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Pennsylvania officials warn against an increase in disease-carrying ticks

Pennsylvania officials are warning residents about an increase in the tick population, not only with deer ticks that carry Lyme disease, but also ticks that have moved in from the South and Asia.

This is a Ixodes Scapularis, or more commonly called a deer tick, or a black legged tick, that carries Lymes Disease and it was sent to ESU’s Dr. Jane Huffman Wildlife Genetics Institute to be identified.
This is a Ixodes Scapularis, or more commonly called a deer tick, or a black legged tick, that carries Lymes Disease and it was sent to ESU’s Dr. Jane Huffman Wildlife Genetics Institute to be identified.Read moreMICHAEL BRYANT / Staff Photographer

Pennsylvania officials are warning against a surge in ticks this summer, including black-legged ticks, which carry Lyme disease, as well as invasive ticks from the American South and Asia.

The state’s acting physician general, Denise Johnson, said this is the time of year when ticks are most active, noting that “this year we’re seeing more than ever.”

She said there’s been an increase in tick bites as well as Lyme disease.

“In Pennsylvania, every single county within the state does have ticks that carry Lyme disease,” Johnson said earlier this week. “And then ticks also can carry other diseases. ... This summer don’t let a tick make you sick.”

Officials say that not only are there more ticks, but also more people started exploring the outdoors during the pandemic, flocking to many of the commonwealth’s 121 state parks. That has led to more tick encounters — and bites.

» READ MORE: Interest in Pennsylvania’s state parks has only grown even as pandemic restrictions lift

They said tick populations can vary from year to year, fluctuating according to environmental factors such as temperature, humidity, rainfall, and the availability of hosts.

Black-legged ticks, also called deer ticks, spread the bloodborne infection Lyme disease, now the most common vector-borne disease in the country. Symptoms are marked by fever, headache, fatigue, and a characteristic bull’s-eye rash. If not treated, the infection can spread to joints, the heart, and the nervous system.

The same ticks also spread the anaplasmosis bacteria and the Powassan virus, both of which share similar symptoms of fever, headache, vomiting, and weakness.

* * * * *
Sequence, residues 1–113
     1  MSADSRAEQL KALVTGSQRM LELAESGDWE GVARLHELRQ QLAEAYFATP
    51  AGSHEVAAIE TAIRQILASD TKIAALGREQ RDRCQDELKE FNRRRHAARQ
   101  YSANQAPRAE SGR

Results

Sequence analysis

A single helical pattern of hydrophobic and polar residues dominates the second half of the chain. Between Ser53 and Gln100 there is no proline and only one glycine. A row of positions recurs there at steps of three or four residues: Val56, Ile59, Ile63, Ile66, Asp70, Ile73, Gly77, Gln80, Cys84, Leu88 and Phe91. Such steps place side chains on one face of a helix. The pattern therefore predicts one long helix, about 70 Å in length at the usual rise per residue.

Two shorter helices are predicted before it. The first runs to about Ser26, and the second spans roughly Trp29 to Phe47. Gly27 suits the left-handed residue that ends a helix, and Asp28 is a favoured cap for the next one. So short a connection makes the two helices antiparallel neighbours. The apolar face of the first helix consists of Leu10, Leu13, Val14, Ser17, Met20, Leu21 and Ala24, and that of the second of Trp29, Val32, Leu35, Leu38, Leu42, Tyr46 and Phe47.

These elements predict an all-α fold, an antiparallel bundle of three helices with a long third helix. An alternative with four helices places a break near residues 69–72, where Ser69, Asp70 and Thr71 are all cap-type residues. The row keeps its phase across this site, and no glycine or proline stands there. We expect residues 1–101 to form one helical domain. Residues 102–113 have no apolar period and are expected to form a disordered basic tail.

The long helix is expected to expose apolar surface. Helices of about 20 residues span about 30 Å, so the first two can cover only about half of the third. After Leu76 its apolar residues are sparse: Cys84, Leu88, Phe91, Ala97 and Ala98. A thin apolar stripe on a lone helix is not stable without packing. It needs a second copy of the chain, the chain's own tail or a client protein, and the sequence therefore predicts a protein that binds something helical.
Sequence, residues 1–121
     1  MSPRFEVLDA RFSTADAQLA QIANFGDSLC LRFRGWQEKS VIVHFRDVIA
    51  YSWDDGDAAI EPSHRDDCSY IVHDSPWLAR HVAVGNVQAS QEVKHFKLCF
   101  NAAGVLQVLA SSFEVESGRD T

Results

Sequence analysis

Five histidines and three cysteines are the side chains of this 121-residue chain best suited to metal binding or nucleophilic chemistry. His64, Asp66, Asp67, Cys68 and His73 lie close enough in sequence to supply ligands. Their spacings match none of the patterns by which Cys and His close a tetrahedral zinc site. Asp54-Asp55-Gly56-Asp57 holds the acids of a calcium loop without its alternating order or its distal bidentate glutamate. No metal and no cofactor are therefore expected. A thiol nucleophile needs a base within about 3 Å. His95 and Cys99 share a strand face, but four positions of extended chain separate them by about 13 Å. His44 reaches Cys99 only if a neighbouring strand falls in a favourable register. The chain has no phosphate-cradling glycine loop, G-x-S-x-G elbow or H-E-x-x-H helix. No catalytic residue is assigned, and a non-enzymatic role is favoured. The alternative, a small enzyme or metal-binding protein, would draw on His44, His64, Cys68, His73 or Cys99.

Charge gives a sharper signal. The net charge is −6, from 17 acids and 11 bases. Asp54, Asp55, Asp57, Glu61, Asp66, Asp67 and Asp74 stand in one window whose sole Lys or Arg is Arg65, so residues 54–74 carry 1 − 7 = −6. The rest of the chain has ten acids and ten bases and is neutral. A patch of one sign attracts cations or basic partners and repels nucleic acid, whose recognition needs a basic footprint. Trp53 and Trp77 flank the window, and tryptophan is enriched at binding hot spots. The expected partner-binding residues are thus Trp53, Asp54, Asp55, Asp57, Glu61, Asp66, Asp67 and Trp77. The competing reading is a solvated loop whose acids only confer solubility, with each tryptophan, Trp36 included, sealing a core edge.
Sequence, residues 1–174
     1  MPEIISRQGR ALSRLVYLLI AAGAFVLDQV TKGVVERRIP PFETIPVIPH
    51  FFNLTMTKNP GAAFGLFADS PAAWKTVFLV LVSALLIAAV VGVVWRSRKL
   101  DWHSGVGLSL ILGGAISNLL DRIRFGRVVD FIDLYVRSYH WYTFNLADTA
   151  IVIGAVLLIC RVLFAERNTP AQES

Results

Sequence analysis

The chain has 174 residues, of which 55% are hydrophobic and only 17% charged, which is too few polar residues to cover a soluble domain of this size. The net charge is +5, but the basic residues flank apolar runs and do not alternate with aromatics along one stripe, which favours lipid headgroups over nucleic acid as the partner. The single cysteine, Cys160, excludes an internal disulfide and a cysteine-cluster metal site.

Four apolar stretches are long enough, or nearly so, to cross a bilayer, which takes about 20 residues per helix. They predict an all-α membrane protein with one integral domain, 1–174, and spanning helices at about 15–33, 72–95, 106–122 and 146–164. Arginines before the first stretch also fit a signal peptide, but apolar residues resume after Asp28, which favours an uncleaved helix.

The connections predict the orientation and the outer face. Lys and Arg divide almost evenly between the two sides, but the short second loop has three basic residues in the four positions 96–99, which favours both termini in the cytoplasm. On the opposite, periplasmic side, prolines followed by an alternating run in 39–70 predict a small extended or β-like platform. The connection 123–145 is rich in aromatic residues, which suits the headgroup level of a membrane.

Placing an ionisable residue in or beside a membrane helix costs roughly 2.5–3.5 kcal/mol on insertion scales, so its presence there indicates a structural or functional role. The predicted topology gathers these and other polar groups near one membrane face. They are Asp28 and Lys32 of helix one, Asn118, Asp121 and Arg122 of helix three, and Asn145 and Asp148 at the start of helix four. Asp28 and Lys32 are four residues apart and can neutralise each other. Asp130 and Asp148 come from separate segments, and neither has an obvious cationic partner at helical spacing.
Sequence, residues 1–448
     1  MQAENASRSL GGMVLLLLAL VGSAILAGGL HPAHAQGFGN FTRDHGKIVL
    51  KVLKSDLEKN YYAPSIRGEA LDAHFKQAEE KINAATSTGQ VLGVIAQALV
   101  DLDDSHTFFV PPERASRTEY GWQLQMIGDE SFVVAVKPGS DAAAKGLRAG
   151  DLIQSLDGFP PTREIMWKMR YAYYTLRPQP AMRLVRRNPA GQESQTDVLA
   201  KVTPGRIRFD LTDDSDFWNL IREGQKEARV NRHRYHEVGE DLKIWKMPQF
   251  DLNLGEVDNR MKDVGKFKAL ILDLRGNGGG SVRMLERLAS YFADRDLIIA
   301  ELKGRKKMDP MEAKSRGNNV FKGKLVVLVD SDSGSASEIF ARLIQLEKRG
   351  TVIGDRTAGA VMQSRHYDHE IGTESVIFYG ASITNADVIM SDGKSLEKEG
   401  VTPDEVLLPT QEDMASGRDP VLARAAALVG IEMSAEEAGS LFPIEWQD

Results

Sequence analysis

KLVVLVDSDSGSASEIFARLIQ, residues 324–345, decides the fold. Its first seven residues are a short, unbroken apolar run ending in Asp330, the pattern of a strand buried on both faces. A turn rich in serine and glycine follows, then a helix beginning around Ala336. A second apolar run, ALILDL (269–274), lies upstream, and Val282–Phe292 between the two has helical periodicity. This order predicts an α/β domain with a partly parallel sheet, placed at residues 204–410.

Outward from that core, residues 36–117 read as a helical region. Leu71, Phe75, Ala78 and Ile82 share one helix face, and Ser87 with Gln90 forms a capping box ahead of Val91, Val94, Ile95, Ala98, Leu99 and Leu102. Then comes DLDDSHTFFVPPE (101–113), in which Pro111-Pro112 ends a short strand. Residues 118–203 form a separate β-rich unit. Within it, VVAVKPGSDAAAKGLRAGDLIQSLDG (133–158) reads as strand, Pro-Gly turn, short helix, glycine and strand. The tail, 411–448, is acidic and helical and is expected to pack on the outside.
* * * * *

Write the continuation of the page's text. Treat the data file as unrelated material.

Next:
State scientists with the Department of Environmental Protection and Department of Health collected 5,000 adult black-legged tick nymphs this year as part of an annual survey. DEP Secretary Patrick McDonnell said 58% of those were carrying Lyme disease.

Last year, between April and August, scientists collected 1,200.

“We’re on a path to double that this year,” McDonnell said. “We’re currently almost 500 nymphs ahead of where we were last year and still have the month of August to go.”

McDonnell said most people get Lyme disease from nymphs because they are so small, about the size of a poppy seed, and hard to spot.

But Pennsylvania is also experiencing a trend seen in New Jersey over the last few years: the emergence of a variety of other ticks on the move from elsewhere.

» READ MORE: N.J. has at least 11 tick species, and some are making us sick

“We’re starting to see some additional ticks ... like the Asian long-horned and the lone star that are starting to become established within the state,” McDonnell said. “So this is an issue that is going to be with us going forward.”

Cindy Adams Dunn, secretary of the Department of Conservation and Natural Resources, said her husband has had Lyme disease, and advises people going outdoors to wear lightweight long sleeves and long pants tucked into boots.

“It is always important to take preventative measures so you can enjoy the mental and physical health benefits of being in the outdoors, especially with regard to ticks,” Dunn said. “As tick-borne diseases are becoming more prevalent in Pennsylvania, it is critical to be aware of the risks and be prepared.”

She said people can use EPA-approved repellents, such as permethrin, a nontoxic insecticide that can be sprayed on clothing and boots.

Officials also recommend people avoid areas dense with shrubbery or tall grass where ticks like to hide, and immediately check themselves and pets as soon as they return home. They advise taking a shower as soon as possible, and run clothing and gear in a dryer to kill any ticks.